For the laser question, you are given the energy of a single photon and the rate of emission of the photons. (Joules and "per second" --> Joules per second)
Then using he E=mc x change in temperature, you can find out the energy necessary to heat the titanium.

Joules/Joules per second = time
https://gyazo.com/33a1467023e54647e0703d5c9f04e82f

the third line I don't understand

To me it looks like

P = W/t

W x P/t x t = W

Am i right that they are using this or something else
9. Can anyone help with 1b on the June 2015 paper please? About the golf ball going for miles and miles?
10. (Original post by smartsy)
Can anyone help with 1b on the June 2015 paper please? About the golf ball going for miles and miles?
Its to do with suvat's, vertical/horizontal component of u.... quite long winded manipulation i suggest you watch the g484 2015 paper walkthrough on youtube by "cowen physics" he goes through the steps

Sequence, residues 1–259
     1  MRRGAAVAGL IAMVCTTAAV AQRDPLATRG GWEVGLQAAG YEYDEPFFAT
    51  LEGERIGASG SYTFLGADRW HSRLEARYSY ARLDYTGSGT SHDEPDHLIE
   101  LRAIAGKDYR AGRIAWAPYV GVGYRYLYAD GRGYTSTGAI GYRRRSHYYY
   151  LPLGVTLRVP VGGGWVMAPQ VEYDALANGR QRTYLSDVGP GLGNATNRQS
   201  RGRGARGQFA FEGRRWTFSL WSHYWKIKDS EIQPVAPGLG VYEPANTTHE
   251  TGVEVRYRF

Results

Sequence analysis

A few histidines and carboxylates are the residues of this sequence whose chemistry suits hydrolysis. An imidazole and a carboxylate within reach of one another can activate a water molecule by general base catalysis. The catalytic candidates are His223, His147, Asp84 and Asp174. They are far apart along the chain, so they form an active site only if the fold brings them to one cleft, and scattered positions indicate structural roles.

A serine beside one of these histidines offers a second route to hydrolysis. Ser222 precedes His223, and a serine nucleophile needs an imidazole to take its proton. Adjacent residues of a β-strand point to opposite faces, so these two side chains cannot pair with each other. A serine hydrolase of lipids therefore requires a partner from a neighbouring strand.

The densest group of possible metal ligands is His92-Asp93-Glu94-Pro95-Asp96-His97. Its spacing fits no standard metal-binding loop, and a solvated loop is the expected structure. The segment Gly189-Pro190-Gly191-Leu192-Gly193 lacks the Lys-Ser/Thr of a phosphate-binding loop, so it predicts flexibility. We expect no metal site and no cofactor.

11. (Original post by kingLAWZA)
https://gyazo.com/33a1467023e54647e0703d5c9f04e82f

the third line I don't understand

To me it looks like

P = W/t

W x P/t x t = W

Am i right that they are using this or something else
The third line in a word equation:

Energy of each photon(Joules) x photons emitted per second x t(time taken a.k.a. the value you are trying to find) = Energy required to raise the temperature of titanium.

This is basically doing: (answer from second line on MS)/(energy per photon * rate of photons) = time taken

If you think about it you are doing Joules/Joules per second = seconds.

Idk about your equation, I always get confused with the P and W on the formula sheet XD
12. (Original post by Artmanlikesart)
Can you explain why my answer is incorrect?
Surface area of Earth = 4pi/3(6.4 x 10^5)^3 = 1.56 x 10^21 m^2

Area captured by camera = 14(orbits) x 2pi x (6.4 x 10^5) x (3 x 10^3) = 1.9 x 10^15 m^2
Surely the satellite can't capture the entire surface then?

I
Surface area is 4pi×r^2
13. (Original post by smartsy)
Can anyone help with 1b on the June 2015 paper please? About the golf ball going for miles and miles?
Resolve vertically:
s=0
u= usin(theta)
a= g (this is isn't 9.81 since it's on the moon so just write g little m or something)
t = ?

Using: s= ut + 1/2 at^2

0 = usin(theta)t - 1/2 gt^2
1/2 gt^2 = usin(theta)t
t^2= 2usin(theta)t/g
t=2usin(theta)/g

Resolve horizontally( using speed = distance/time since there is no horizontal force):